Gene expression is a multi-step process that begins with synthesis of pre-mRNA in the nucleus and eliminates with translation of mRNA in the cytoplasm. Between these two events, pre-mRNAs undergo several processing steps, including capping, splicing, and 3' end formation. In contrast to the other steps in gene expression, very little is known about mRNA export in metazoans. This proposal is focused on using the Xenopus oocyte microinjection system to investigate the recently detected functional link between the splicing and mRNA export pathways.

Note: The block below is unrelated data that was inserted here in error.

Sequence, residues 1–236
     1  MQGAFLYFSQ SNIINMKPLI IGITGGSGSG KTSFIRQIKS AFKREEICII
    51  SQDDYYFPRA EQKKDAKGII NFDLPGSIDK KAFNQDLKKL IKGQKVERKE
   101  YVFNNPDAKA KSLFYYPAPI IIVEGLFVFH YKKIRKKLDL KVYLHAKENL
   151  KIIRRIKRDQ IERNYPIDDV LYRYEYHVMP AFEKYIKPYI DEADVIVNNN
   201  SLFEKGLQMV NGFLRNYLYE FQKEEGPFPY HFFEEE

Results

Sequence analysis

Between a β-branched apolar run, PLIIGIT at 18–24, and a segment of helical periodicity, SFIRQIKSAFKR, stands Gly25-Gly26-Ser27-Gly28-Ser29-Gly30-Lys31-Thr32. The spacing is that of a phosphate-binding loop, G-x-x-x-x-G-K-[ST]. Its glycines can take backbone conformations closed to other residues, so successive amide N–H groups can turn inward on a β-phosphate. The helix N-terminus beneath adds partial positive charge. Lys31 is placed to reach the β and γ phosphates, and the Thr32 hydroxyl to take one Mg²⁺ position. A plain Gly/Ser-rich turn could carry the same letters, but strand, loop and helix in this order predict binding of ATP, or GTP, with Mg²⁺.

The first aim i s to identify the important sequence and organizational features of pre-mRNA that lead to efficient mRNA export. In particular, the role of exon sequences and their binding factors (the SR family of essential splicing factors) will be investigated. In the second aim, a novel complex that assembles on spliced mRNA in vitro, and is efficiently transported out of oocyte nuclei, will be characterized. This goal will be achieved by establishing a method for isolating the spliced mRNA complex. Injection into oocyte nuclei will be used to determine whether the purified complex is functional, and detailed analysis of its protein composition will be carried out. This complex is either a processor to the mRNA export substrate or is itself the export substrate, and thus its characterization will provide valuable insights into the mRNA export pathway. In the third aim, studies will be carried out to determine whether the coupling between splicing and export may serve as a checkpoint for detecting splicing mutations. Finally, the fourth aim is focused on identifying adaptors and/or receptors that function in mRNA export. The strategy is to identify proteins that mediate binding of the essential export factor RanGTP to export substrates. Together, these studies should provide important new insights into the mechanism of mRNA export and the link between splicing and export.